If you’re driving a van or car with a shell strapped to the roof the only change you need to make to your driving is to be a little more careful than normal. But driving a shell trailer is a completely different story.
At their best shell trailers—and shell trucks—are difficult to drive. A trailer loaded with un-sectioned eights is as long, if not longer than a tractor-trailer. At their worst they can be a hazard on the highway to yourself and others.
It’s crucial when driving a shell trailer you plan your route ahead before beginning your journey. There are many things to be concerned about. A few notable ones are:
- Rush-hour and construction traffic
- Dangerous turns
- Low overhead
- Bag weather
- Driving at night
The three most common causes of accidents involving shell trailers are poor driving skills, lack of good visibility, and improper tying of shells.
All of these items are important when transporting equipment, however, in this short post I wanted to touch quickly on a four items.
To help avoid problems with low overheads measure the total height of the trailer, or vehicle, after the shells are loaded. Make your measurements from the ground to the tip of the rudder or skeg—most trailers with shells on the top rack will be around ten feet high. I usually add four inches to the number as a safety margin.
Then write this information down and tape it to the dash-board. This could save you a lot of embarrassment at such places as low bridges, gas stations, and drive-thrus.
When choosing who drives don’t put inexperienced people behind the wheel. In fact, most insurance companies demand that the driver of the vehicle be experienced and at least twenty-one years of age, which prohibits many students from driving. Drivers should carry their licenses, registration(s) and insurance information with them.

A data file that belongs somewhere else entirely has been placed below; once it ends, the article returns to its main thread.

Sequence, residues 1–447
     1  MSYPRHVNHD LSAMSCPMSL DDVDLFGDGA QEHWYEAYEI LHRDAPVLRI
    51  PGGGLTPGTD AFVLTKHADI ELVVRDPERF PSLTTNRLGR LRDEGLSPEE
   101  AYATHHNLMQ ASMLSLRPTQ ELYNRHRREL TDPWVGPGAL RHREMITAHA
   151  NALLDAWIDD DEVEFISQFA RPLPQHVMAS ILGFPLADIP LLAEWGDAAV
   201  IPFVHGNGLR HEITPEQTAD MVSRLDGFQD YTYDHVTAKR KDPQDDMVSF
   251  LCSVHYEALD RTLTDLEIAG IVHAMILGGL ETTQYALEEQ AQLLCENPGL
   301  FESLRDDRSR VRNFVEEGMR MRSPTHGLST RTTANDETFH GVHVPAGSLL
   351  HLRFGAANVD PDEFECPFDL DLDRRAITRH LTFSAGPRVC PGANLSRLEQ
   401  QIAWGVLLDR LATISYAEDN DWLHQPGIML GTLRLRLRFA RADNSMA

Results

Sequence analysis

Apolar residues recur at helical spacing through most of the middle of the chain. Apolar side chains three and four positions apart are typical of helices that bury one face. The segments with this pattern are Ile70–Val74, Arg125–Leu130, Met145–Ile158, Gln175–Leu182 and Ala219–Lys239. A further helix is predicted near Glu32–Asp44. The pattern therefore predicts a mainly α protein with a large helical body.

And I strongly suggest a minimum of two drivers in the vehicle. An extra “set of eyes” will make driving the shells safer, especially on long trips when one driver gets tired.
When you finally hit the road constantly be looking, listening and feeling for anything unusual with the vehicle or load. If you notice anything pull over as soon as it is safe and check for the cause. And speaking of checking, get in the habit of checking the trailer and load every time you stop—on long trips I suggest you stop every 100 miles. Check the tie downs, flags, equipment, lights, hitch and tires for any problems.
Many trailering accidents happen because people try to drive a shell trailer like a car. The acceleration of a trailer is much slower than a car and the stopping distance is much greater. You must allow more time for simple automobile tasks like pulling out into traffic, changing lanes and passing. Extra caution will especially be needed for backing up, cornering and pulling into service areas. Make absolutely sure that a lane is clear before changing, and use your turn signals.
The two most difficult parts of driving a shell trailer are cornering and handling the overhang of the shells. Trailers turn inside the track of the tow vehicle meaning you need to take corners wider than normal. But the overhang is what gives most trailer drivers problems. Remember— you may be driving one of the longest vehicles on the highway, with thousands of dollars of shells just hanging out. If you’re not comfortable with this thought—or with your driving skills—load up the trailer one Sunday and go to a parking lot and practice. It’s a good investment of your time, especially considering the alternative may be waiting three months for a boat that’s in the repair shop.
When you finally arrive where you are going plan…Plan…PLAN…ahead where you will park. There’s nothing more annoying then getting blocked in at a regatta and having to wait hours to leave because you’re stuck.
If, after all your best preparations, you are unfortunate enough to have an accident there are several things you should do.
- Activate the emergency flashers and place emergency signals to warn approaching traffic.
- Give appropriate first aid if needed and make sure that everyone is in a safe place.
- Notify law enforcement and your supervisor promptly.
- When things get under control record as much information as possible: names, address, phone numbers, and driver’s license numbers.
- Get information from witnesses. Try to document the scene as well as possible and if you have your camera with you take pictures.
photo by rjseg1